Yet the Negev desert is particularly advantageous for flower growing. The nearly all year sunny days and relatively warm winter temperatures of the Negev are excellent for growing Europe’s summer flowers. When that continent is experiencing cold weather, the Negev grows “off-season” summer flowers and then exports them to Europe, especially during the winter months which brings in lucrative profits.
The export sales price for one flower stem grown in Israel’s Negev wilderness earns five times the cost of growing it. The beauty of Israel never stops traveling to the international market.
When the Geula comes Dovid HaMelech informs us (Tehillim 126; 4) that it will be as surprising as the afikim (streams) that gush in the Negev.
As you travel along the Negev roads everything around seems parched and dry. The wadies are totally empty. All of a sudden, great roaring watercourses stream out of nowhere and overtake the area. These streams originate from the rains that fall in the mountainous regions and roll down in great speed to the Negev.
In the same way, the final yeshua will arrive seemingly from nowhere, startling us with its swiftness and overflowing with all the goodness and blessing we could wish for.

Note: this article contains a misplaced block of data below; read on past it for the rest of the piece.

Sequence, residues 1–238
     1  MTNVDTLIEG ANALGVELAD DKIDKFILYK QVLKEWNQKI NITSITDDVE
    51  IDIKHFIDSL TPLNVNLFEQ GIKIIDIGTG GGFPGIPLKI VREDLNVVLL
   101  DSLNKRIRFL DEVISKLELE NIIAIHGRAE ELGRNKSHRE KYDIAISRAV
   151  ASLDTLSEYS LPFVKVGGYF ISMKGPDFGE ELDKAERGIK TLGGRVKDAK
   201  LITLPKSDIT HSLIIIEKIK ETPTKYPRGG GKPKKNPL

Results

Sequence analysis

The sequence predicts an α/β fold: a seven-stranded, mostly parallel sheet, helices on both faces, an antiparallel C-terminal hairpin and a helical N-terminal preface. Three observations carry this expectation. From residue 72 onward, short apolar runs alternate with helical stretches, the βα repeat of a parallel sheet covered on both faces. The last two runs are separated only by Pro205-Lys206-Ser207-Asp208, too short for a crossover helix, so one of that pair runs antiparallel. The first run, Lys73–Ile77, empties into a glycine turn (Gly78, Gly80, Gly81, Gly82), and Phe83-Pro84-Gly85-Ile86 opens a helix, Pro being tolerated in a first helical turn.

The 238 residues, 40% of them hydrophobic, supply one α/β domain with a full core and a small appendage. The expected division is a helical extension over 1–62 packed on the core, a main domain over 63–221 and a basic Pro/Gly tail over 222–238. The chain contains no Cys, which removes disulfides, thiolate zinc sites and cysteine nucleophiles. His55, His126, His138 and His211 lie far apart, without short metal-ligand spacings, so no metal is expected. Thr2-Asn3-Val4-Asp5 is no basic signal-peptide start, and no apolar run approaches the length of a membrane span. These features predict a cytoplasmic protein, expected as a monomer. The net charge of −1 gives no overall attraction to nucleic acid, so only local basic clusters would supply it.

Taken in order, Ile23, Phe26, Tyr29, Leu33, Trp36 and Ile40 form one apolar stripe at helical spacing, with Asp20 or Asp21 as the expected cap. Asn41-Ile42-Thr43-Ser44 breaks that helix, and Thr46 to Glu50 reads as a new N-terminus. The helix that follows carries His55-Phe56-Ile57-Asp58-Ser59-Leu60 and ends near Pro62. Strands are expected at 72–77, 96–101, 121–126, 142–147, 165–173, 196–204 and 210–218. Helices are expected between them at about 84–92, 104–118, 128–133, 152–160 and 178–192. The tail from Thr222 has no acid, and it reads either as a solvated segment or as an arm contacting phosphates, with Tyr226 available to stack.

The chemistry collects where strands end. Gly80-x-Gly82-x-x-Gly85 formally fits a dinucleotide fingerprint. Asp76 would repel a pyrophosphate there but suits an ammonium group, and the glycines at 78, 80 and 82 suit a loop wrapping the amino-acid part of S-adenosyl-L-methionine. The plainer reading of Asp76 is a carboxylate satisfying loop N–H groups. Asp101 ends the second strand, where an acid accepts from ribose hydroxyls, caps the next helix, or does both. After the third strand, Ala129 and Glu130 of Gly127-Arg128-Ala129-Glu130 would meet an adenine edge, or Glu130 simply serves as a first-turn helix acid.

At the present point in time, it may seem that nothing is taking place, but we can be assured that “rain” is falling (events are taking place) in preparation for that Great Day. Just look around and see that all the signs are clearly visible. For instance, the blooming of the Negev we see today may be in anticipation of the rejuvenation of the wilderness and wasteland that is prophesied in Yeshayahu, Perek 35. Here the Navi says that the desert will bloom like a chavazelet (lily?) at the time of the Redemption. In the Messianic era, this area will become as lush and beautiful as the most beautiful part of the Land. May we all be privileged very, very soon to see the return of Hashem to Zion, in mercy.